And as other reviewers have also commented I also don’t understand why there are so few recipe photos but so many photos of the skyline of modern Berlin and street scenes in a cookbook about classic German baking. The text with the photo of a package of pearl sugar (which I have never been able to find in America) talks about vanilla sugar. That is confusing.
I might try a few more recipes but for now the book goes to the basement and does not get prime time space on the small bookshelf in my kitchen. I don’t think the book lives up to its claim of the very best recipes of German baking so I cannot give this book more than two stars. And it won’t be on my Christmas gift list for my relatives.
Small amount of yeast needs longer rise. Against my better judgment, I followed the directions and it did not turn out. The Butterkuchen was flat and frankly....greasy. (Yes my yeast was fresh) NOT WORTH THE CALORIES.
Example: doesn't say on what speed to mix the dough or how long. It says "a few minutes" which when kneading a yeast dough could have a vast amount of time variance.
The plum cake from America's Test Kitchen (not a yeast dough though) is far superior to the plum cake in here.
Not sure I will try any more recipes even though I DO have access to Europe butter and quark.
I have wasted time and money.
The cookbook relies on fairly old fashioned baking techniques: beaten egg whites; yeast; and simple ingredients. These aren't foolproof, and will depend a lot on the temperature of your kitchen, the size of your eggs, the age of your yeast, and so forth. As other reviewers have noted, following this cookbook to the letter may lead to disappointing results. I wouldn't hold this against Luisa, since these classic techniques rely on the baker using their eyes and noses to make the recipe come out right. In fact, one of the reasons why I love this cookbook is that it reminds me of baking from my great grandmother's recipes. If she had been German, I imagine her recipe box would have been much like this book.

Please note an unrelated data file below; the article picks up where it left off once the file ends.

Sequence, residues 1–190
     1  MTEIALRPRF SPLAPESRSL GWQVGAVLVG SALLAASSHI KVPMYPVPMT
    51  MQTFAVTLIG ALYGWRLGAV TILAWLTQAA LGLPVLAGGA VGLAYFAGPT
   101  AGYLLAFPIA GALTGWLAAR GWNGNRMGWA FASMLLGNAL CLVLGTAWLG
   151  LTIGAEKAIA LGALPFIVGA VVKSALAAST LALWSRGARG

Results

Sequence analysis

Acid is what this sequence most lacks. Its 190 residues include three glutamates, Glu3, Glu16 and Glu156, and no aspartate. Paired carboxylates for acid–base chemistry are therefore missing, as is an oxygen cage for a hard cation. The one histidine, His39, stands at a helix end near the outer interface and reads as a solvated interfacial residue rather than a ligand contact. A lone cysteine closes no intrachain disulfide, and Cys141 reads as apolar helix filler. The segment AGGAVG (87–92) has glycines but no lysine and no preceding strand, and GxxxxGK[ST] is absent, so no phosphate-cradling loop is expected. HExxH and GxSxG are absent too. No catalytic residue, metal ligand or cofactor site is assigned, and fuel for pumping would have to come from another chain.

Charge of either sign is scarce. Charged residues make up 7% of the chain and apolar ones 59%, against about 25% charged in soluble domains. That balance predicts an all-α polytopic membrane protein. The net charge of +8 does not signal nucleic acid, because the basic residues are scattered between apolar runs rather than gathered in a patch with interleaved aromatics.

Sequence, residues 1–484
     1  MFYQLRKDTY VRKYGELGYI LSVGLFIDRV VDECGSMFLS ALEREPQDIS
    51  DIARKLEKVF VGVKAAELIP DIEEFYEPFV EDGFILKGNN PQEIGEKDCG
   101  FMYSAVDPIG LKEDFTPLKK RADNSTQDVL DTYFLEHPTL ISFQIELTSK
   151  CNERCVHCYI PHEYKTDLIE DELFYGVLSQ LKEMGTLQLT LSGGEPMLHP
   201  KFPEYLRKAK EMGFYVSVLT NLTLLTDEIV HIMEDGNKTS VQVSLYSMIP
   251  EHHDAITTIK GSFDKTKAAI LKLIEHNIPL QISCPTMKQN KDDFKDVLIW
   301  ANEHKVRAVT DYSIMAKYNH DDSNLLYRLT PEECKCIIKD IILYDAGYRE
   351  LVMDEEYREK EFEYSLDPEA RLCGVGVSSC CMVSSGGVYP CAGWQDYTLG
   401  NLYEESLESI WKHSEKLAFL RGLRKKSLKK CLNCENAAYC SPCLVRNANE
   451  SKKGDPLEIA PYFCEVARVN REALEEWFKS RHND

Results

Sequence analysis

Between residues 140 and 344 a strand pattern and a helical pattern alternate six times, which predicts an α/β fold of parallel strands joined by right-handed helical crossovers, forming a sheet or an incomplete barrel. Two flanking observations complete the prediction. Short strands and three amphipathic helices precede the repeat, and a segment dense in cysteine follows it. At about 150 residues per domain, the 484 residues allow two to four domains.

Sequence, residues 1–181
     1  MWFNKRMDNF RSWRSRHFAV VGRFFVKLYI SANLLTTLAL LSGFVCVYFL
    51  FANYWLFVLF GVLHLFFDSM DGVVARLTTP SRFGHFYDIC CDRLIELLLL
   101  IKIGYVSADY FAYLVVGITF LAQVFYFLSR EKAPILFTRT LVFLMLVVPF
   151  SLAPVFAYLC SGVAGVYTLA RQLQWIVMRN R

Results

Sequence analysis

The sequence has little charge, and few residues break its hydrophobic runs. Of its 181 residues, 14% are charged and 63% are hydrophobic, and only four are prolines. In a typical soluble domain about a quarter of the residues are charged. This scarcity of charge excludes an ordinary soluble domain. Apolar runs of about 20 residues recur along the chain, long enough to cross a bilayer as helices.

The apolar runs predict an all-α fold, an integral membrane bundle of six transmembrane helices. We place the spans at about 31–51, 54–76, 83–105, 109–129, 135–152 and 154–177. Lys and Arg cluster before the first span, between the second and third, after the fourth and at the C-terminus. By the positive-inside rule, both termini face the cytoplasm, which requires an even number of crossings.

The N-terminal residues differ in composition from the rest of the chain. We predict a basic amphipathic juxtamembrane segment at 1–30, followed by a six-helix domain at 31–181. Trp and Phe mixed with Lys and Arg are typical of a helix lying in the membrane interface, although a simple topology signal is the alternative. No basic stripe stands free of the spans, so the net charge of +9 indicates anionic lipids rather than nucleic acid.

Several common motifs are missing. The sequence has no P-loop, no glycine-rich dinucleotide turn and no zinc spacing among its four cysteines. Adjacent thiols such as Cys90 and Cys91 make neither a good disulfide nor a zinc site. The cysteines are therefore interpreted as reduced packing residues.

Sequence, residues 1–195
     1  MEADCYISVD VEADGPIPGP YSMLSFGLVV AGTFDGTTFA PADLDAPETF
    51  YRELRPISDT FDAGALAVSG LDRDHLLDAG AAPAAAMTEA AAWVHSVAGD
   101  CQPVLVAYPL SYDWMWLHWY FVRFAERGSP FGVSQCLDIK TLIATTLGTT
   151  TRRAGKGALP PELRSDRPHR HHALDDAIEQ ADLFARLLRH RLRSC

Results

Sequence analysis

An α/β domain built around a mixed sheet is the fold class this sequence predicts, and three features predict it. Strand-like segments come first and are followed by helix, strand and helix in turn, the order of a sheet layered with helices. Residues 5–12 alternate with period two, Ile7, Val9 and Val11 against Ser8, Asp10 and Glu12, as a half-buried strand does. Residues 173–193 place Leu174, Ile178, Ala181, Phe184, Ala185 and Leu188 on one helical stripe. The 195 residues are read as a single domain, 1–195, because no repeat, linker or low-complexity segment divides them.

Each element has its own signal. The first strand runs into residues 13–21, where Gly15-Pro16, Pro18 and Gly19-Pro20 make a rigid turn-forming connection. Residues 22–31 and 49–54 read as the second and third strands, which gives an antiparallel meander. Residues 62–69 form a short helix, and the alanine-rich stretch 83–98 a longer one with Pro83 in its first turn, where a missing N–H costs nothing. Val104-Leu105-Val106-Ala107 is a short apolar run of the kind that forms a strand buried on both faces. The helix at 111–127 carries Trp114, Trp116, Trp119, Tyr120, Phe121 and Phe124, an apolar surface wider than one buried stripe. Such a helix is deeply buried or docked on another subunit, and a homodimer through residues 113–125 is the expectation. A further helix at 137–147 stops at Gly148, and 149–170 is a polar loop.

I would say that if you don't feel confident judging when egg whites are at stiff peaks or when something is fully kneaded or risen, then I wouldn't really recommend this cookbook. If you do, then you will find no end of beautiful, simple recipes that you can really adapt and make your own.
My two procedural comments are 1. that when the book says that something keeps for a day, it really does only keep for a day. I don't feed an army of Germans tea, so a 9x13 pan of yeasted cake is way too much for me. However, the recipes scale down easily.
2. The recipes rely on pantry staples that substitute easily, particularly the recipes that call for fruits and jams. We made kugelhopf with chopped apricots and candied citron, linzertorte with marmalade and with pineapple jam, etc. I also generally add more fruit/jam than called for, because as an American I like the excess.
Top reviews from other countries
The actual book though doesn't quite deliver. You'll have to use a great deal of knowledge and common sense to fill the gaps left with poor descriptions, extensive suggested bake times and on some occasions recipes which are just wrong.
I love the idea of the items I've made, but found that with the poppyseed roll the dough is less than half the amount needed, the likes of the marble cake bake time is about 20 minutes too long, etc etc.
Overall there is insufficient description of the method and how the final product is to look; the recipes really need thoroughly checked, description and volumes reviewed and additional pictures.
Only buy this as a base; you will need to review and adapt the recipes yourself on a one by one basis.